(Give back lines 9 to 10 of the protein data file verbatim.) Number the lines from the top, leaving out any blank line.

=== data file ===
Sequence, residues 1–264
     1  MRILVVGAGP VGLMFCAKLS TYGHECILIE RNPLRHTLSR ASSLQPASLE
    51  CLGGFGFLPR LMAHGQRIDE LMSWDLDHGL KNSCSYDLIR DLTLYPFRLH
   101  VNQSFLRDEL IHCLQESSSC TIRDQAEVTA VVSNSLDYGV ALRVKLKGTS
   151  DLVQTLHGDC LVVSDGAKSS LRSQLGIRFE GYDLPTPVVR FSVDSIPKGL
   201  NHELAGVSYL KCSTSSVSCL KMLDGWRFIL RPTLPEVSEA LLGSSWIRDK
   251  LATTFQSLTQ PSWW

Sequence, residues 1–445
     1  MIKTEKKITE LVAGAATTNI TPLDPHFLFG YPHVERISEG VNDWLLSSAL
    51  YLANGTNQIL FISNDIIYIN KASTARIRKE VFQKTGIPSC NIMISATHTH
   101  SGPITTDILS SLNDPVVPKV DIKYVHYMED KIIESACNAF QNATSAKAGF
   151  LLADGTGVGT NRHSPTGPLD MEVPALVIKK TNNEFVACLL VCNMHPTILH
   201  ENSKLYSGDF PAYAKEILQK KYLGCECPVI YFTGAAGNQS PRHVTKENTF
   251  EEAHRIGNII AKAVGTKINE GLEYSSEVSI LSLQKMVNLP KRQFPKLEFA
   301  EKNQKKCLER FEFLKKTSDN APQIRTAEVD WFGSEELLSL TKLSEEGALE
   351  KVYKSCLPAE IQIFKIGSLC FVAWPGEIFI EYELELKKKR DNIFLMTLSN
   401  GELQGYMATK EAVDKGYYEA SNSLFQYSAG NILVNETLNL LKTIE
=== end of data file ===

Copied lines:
     1  MIKTEKKITE LVAGAATTNI TPLDPHFLFG YPHVERISEG VNDWLLSSAL
    51  YLANGTNQIL FISNDIIYIN KASTARIRKE VFQKTGIPSC NIMISATHTH